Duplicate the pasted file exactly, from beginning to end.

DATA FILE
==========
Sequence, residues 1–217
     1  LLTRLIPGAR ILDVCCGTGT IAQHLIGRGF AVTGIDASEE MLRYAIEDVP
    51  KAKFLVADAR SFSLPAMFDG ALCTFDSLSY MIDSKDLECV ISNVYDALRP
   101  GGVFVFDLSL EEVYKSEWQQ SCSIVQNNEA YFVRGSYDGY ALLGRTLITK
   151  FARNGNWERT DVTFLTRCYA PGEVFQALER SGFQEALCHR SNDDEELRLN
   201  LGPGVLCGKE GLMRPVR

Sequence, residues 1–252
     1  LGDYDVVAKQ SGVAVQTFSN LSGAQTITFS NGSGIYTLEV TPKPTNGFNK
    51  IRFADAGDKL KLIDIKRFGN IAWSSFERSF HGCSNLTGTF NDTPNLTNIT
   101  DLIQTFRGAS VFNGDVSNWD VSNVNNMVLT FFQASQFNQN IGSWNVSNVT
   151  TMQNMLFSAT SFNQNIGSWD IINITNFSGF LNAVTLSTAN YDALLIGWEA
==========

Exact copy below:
Sequence, residues 1–217
     1  LLTRLIPGAR ILDVCCGTGT IAQHLIGRGF AVTGIDASEE MLRYAIEDVP
    51  KAKFLVADAR SFSLPAMFDG ALCTFDSLSY MIDSKDLECV ISNVYDALRP
   101  GGVFVFDLSL EEVYKSEWQQ SCSIVQNNEA YFVRGSYDGY ALLGRTLITK
   151  FARNGNWERT DVTFLTRCYA PGEVFQALER SGFQEALCHR SNDDEELRLN
   201  LGPGVLCGKE GLMRPVR

Sequence, residues 1–252
     1  LGDYDVVAKQ SGVAVQTFSN LSGAQTITFS NGSGIYTLEV TPKPTNGFNK
    51  IRFADAGDKL KLIDIKRFGN IAWSSFERSF HGCSNLTGTF NDTPNLTNIT
   101  DLIQTFRGAS VFNGDVSNWD VSNVNNMVLT FFQASQFNQN IGSWNVSNVT
   151  TMQNMLFSAT SFNQNIGSWD IINITNFSGF LNAVTLSTAN YDALLIGWEA